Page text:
Borough President Melinda Katz installed Astoria resident Maria Lisella as the borough’s sixth poet laureate in a ceremony on Tuesday after a three-month search, including the vetting of more than 30 candidates.
Lisella, an author and journalist, will use the unpaid position to promote a love of poetry and literature throughout the “World’s Borough.” An author of three books of poetry, Lisella said she hopes to use the position not to market herself, but rather to connect and foster the literature community in Queens.
“It’s a privilege and it’s an opportunity, but I don’t see it as a way to promote moi,” Lisella said. “I think it’s about marketing the borough and the community.”
A south Jamaica native, Lisella’s family moved to Bellerose when she was young and she lived in Flushing as well before settling down in Astoria for the last 40 years. She is an alum of Queenborough Community College and Queens College, and she received a master’s degree from NYU-Polytechnic Institute. Lisella has been a travel writer for three decades, and her work has appeared in The Dallas Morning News and Foxnews.com, among other news outlets.
Like Queens, Lisella has been influenced by a range of cultures. Her family has roots in Italy and she speaks English, Italian and Spanish. Lisella has also visited about 60 countries.
“Ms. Lisella is an amazing writer who is capable of synthesizing the borough’s many cultures and languages into incredible poetry,” Katz said. “She also has a deep love and appreciation of Queens that comes from being a lifelong resident.”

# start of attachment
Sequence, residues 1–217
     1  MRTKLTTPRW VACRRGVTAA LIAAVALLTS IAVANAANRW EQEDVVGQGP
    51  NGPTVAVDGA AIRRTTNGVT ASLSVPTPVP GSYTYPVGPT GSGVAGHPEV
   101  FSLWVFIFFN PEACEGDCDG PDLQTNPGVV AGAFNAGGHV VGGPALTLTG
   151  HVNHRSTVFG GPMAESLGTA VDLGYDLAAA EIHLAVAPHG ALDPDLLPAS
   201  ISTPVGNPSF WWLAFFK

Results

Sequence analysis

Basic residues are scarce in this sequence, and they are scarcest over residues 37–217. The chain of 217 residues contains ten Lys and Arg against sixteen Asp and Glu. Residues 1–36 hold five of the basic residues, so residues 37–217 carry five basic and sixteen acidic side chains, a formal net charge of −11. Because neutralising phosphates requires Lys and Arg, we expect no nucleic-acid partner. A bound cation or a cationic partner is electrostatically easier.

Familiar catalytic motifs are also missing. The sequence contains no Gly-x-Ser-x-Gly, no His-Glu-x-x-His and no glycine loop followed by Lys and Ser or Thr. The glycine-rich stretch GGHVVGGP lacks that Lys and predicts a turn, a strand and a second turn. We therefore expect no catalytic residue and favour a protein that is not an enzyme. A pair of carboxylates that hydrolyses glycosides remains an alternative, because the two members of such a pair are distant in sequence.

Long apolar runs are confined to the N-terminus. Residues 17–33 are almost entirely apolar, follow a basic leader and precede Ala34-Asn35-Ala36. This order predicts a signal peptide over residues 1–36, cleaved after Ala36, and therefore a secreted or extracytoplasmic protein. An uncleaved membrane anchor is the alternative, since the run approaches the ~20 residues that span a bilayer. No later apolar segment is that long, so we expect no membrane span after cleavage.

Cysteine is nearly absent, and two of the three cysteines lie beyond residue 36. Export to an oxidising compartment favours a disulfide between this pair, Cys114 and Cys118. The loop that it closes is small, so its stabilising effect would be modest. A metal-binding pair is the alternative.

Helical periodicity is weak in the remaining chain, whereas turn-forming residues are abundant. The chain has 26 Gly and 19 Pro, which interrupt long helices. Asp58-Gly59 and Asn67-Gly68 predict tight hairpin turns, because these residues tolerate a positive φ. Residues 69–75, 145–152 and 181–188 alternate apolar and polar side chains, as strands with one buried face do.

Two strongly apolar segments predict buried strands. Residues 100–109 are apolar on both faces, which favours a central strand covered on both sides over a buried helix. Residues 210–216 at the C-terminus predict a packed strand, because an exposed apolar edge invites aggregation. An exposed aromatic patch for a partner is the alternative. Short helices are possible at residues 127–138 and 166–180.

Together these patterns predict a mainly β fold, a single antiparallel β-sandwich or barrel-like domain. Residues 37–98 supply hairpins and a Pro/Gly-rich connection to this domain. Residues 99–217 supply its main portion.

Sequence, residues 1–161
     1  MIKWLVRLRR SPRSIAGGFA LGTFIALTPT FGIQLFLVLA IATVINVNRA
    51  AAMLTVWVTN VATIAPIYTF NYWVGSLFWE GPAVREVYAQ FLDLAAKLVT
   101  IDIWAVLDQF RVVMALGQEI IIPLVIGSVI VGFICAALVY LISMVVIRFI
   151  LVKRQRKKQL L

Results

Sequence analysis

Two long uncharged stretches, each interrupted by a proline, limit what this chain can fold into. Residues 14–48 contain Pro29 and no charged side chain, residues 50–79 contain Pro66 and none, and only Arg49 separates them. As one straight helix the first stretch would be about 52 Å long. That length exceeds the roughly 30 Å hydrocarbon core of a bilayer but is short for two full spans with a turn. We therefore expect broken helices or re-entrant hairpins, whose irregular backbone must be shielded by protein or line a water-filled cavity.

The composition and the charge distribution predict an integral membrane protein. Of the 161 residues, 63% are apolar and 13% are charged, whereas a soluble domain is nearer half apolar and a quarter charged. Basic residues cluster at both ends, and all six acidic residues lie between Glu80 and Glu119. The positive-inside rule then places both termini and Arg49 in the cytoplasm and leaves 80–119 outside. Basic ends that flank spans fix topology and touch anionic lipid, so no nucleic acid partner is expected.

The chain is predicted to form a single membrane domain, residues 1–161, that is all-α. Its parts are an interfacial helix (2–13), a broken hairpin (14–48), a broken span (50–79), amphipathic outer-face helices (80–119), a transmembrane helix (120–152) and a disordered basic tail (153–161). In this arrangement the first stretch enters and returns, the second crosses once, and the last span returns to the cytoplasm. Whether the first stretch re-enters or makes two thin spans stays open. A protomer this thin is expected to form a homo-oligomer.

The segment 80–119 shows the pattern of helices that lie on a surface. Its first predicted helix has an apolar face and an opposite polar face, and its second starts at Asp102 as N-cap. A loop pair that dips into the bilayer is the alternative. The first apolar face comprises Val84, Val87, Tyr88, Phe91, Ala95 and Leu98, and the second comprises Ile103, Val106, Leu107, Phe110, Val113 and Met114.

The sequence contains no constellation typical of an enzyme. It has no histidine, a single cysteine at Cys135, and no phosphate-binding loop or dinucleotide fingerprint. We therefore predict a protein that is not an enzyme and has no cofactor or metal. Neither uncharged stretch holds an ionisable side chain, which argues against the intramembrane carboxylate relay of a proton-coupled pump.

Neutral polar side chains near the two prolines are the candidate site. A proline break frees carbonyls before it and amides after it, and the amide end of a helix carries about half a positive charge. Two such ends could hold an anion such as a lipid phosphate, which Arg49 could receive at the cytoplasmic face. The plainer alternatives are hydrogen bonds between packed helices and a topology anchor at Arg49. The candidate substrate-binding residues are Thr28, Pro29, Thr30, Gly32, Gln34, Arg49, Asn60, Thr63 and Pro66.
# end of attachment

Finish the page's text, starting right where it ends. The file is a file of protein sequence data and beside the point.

The Queens Poet Laureate position was initially established in 1996 by Claire Shulman’s administration in partnership with Queens College.
Lisella was one of five finalists selected by a panel of judges. The judges were appointed by the Queens Poet Laureate Administrative Committee. Out of the top candidates, Katz ultimately selected Lisella, who has connections with past Queens Poet Laureates.
The first Queens Poet Laureate, Stephen Stepanchev, was a professor to Lisella in Queens College. Lisella and the second laureate, Hal Sirowitz, are both members of Brevitas, an online poetry circle.
As the new Queens Poet Laureate, Lisella will give readings of poetry around the borough in Queens Library branches and conduct outreach programs. Lisella held her first official reading in the position at the end of her induction ceremony. She read two pieces from her most recent poetry book, “Thieves in the Family.”
To connect the Queens literature community, Lisella has thought of some initiatives including having a book fair, starting a website dedicated to Queens poetry and holding readings in cultural institutions, such as the Louis Armstrong House Museum and the Museum of the Moving Image.
She also wants to use social media to reach the Queens poetry community.
“There are a lot of pockets of activity going on [in Queens],” Lisella said, “so I have to plug into that.”